The Terra Madre Balkans network, with its more than 1500 members, kicked off its third meeting with an opening ceremony held on 19 June at the University of Dubrovnik in Croatia. The event was organized with the support of Slow Food and attended by over 200 delegates from 11 countries in Southeast Europe – Albania, Bosnia and Herzegovina, Bulgaria, Croatia, Greece, Kosovo, Montenegro, The Republic of Macedonia, Romania, Serbia and Turkey. Slow Food President Carlo Petrini participated in the event, which also received support from the President of the Republic of Croatia, Ivo Josipović. FAO’s Investment Centre (TCI), under its collaboration with the European Bank for Reconstruction and Development (EBRD) organized a side-event “Traditional Products and Geographical Indications” sharing with the audience its long-term expertise on Geographical Indications (GIs) and improving linkages between agribusinesses and farmers.
Terra Madre Balkans unites food communities from Balkan countries, which value distinctive food traditions and share similar socio-economic conditions, aiming to promote better EU integration by strengthening the voice of civil society. Pascal Bernardoni, Director at REDD and FAO project partner in the field of agro-food supply chains and quality sign development, emphasized that “for the Balkans, EU integration means an increase in competition and, to face such competition, the countries must raise the quality of their products and find ways to differentiate them on both domestic and export markets”.
TCI and EBRD have jointly supported quality linked to geographical origin over the past ten years, in the Caucasus and the Balkans. Projects in Georgia and Macedonia reinforced the protection and promotion of wine GIs and a recent project in Croatia helped groups of producers to successfully register two GIs, for the Neretva mandarin and the Baranjski kulen, paving the way for other groups of producers to market their products more actively. The Director of the Cooperative and member of the Kulen of Baranja Association, Anđelko Balaban, highlighted how the use of GIs has contributed to a greater visibility of the product. “The project allowed us to build a network of allies, such as retailers or certifying companies, that we can use to further develop our markets."
The involvement of producers and governments in each of these projects has contributed towards raising awareness on the potential benefits of origin-based labels, such as higher value-added to agricultural products, superior quality and increased competitiveness in national and export markets. Joško Babić, producer of Neretva mandarins and speaker at the Terra Madre Balkans workshop, explained the challenges faced by producers of mandarins in the Neretva Valley: “after having been first cultivated in the 1915’s, mandarins saw a period of production growth with the rise of large-scale production in the 1960s, but marketing the total production became more and more difficult. The GI initiative supported by FAO, EBRD and the Ministry of Agriculture will help consumers in competitive markets like the EU recognize our mandarins as a different product, with its specific taste and origin.”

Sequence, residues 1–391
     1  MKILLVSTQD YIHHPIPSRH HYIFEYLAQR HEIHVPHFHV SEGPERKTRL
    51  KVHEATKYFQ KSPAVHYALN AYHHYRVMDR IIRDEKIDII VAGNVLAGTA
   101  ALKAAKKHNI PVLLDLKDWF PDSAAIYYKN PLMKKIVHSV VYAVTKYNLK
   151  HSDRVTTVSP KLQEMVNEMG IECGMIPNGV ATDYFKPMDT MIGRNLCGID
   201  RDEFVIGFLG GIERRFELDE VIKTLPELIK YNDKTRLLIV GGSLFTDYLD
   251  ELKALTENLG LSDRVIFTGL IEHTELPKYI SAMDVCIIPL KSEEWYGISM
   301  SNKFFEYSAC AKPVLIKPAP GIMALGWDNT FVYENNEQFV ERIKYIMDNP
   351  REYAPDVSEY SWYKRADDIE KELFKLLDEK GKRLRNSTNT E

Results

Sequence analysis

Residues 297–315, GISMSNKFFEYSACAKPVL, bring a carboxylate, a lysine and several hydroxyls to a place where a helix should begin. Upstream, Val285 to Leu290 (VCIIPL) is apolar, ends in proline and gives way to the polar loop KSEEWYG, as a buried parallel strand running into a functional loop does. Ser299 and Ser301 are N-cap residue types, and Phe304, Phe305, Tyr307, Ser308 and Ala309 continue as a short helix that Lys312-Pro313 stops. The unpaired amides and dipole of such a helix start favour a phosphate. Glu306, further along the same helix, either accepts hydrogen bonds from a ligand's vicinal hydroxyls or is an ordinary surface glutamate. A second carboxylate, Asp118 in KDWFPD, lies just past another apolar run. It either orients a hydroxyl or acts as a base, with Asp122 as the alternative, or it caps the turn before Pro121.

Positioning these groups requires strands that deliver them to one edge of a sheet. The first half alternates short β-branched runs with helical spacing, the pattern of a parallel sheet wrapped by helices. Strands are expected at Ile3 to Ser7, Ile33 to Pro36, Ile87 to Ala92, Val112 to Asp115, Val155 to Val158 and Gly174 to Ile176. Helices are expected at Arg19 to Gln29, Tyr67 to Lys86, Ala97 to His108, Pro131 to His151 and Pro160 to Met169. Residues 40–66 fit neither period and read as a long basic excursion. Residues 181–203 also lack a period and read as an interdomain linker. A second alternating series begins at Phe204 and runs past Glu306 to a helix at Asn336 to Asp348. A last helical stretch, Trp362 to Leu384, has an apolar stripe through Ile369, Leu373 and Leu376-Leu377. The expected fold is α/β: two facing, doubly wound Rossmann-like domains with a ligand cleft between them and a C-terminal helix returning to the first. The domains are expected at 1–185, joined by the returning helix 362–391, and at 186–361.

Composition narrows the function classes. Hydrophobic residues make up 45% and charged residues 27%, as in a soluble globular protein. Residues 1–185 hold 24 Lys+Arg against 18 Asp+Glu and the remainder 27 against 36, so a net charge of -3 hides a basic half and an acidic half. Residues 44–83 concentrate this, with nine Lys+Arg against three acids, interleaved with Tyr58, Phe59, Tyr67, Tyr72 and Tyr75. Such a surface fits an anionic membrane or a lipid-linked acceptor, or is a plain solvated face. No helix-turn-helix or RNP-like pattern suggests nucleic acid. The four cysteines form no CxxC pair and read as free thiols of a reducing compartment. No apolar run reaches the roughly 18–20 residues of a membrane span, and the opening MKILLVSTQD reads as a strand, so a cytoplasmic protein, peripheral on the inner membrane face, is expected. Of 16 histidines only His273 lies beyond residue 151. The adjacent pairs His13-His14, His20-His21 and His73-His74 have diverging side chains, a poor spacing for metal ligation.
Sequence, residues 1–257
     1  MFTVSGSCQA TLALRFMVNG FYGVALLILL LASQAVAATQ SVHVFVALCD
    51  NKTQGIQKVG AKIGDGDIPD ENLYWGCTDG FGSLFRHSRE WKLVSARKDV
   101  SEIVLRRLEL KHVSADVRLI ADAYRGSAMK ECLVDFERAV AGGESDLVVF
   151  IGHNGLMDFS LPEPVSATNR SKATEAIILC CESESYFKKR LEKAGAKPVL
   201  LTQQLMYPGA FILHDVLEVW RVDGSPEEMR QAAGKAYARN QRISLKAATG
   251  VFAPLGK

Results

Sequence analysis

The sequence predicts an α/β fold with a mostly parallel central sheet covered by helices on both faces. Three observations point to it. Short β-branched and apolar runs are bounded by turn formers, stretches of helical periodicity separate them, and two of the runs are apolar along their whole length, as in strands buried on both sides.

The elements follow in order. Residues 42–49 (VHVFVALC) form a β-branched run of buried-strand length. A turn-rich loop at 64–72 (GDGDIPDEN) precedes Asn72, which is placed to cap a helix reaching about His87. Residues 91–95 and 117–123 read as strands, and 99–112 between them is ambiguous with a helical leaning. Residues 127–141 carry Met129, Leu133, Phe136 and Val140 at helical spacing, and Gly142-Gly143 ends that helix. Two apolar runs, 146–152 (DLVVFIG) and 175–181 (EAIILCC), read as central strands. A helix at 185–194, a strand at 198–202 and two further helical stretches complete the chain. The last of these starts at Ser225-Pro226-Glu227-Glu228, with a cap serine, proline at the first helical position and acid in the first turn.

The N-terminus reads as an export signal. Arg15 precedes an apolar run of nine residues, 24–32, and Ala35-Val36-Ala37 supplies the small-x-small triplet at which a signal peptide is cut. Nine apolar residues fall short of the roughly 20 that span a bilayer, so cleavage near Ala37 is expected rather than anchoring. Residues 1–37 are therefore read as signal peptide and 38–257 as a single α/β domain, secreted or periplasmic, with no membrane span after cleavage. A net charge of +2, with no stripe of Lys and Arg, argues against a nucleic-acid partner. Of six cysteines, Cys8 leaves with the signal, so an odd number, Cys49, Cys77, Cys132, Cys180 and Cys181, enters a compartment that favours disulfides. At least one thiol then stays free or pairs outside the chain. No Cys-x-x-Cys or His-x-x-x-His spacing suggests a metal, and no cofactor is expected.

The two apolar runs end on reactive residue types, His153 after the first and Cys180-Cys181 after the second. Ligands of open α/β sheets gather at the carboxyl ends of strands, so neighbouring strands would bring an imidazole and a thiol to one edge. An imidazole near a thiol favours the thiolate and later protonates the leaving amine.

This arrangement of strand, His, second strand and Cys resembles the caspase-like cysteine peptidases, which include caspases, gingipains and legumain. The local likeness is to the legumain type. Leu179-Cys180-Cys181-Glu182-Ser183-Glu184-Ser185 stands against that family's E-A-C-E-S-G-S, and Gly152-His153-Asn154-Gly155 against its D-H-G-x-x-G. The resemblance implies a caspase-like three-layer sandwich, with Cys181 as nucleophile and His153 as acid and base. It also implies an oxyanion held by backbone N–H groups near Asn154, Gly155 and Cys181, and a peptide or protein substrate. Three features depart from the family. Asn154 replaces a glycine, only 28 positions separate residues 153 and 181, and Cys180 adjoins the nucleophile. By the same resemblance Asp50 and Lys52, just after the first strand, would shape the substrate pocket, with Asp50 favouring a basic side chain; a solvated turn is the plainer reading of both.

Currently, a FAO-EBRD project financed by Luxembourg supports the development of GIs and quality recognition for selected products in Serbia’s horticultural sector – sour cherries from Merosina, a raspberry product from Arilje, and wild berries from Kopaonik. While the Serbian horticultural sector has an annual total production estimated at 1.7 million tons of fruits and 1.8 million tons of vegetables, the primary production of fruit is characterized by small scale farms, generally old and low yielding cultivars, and limited marketing. The development of origin-based labels offers a way to achieve greater differentiation of Serbia’s fresh and processed fruit products.
The project will strengthen interactions between local agro-industrial companies, farmers and government authorities in Serbia, with particular attention on the inclusion of smallholders, in order to promote the development of sustainable GIs. This project has many synergies with a project funded by the State Secretariat for Economic Affairs of Switzerland (SECO). In the spirit of collaboration, the EBRD, FAO and SECO jointly funded the delegation of Serbian producers to Terra Madre.
The region offers numerous opportunities for which the Serbian and Croatian GI experience could prove valuable in improving the efficiency and inclusiveness of agrifood systems, especially given Slow Food’s support to projects that aim to sustain small-scale artisan productions facing extinction – the Tcherni Vit green cheese, wild fig slatko, and ljubitovica sarac garlic to name a few examples – map local traditional products, and promote short food supply chains.
More information regarding the 2014 Terra Madre event and related FAO-EBRD collaboration can be found here: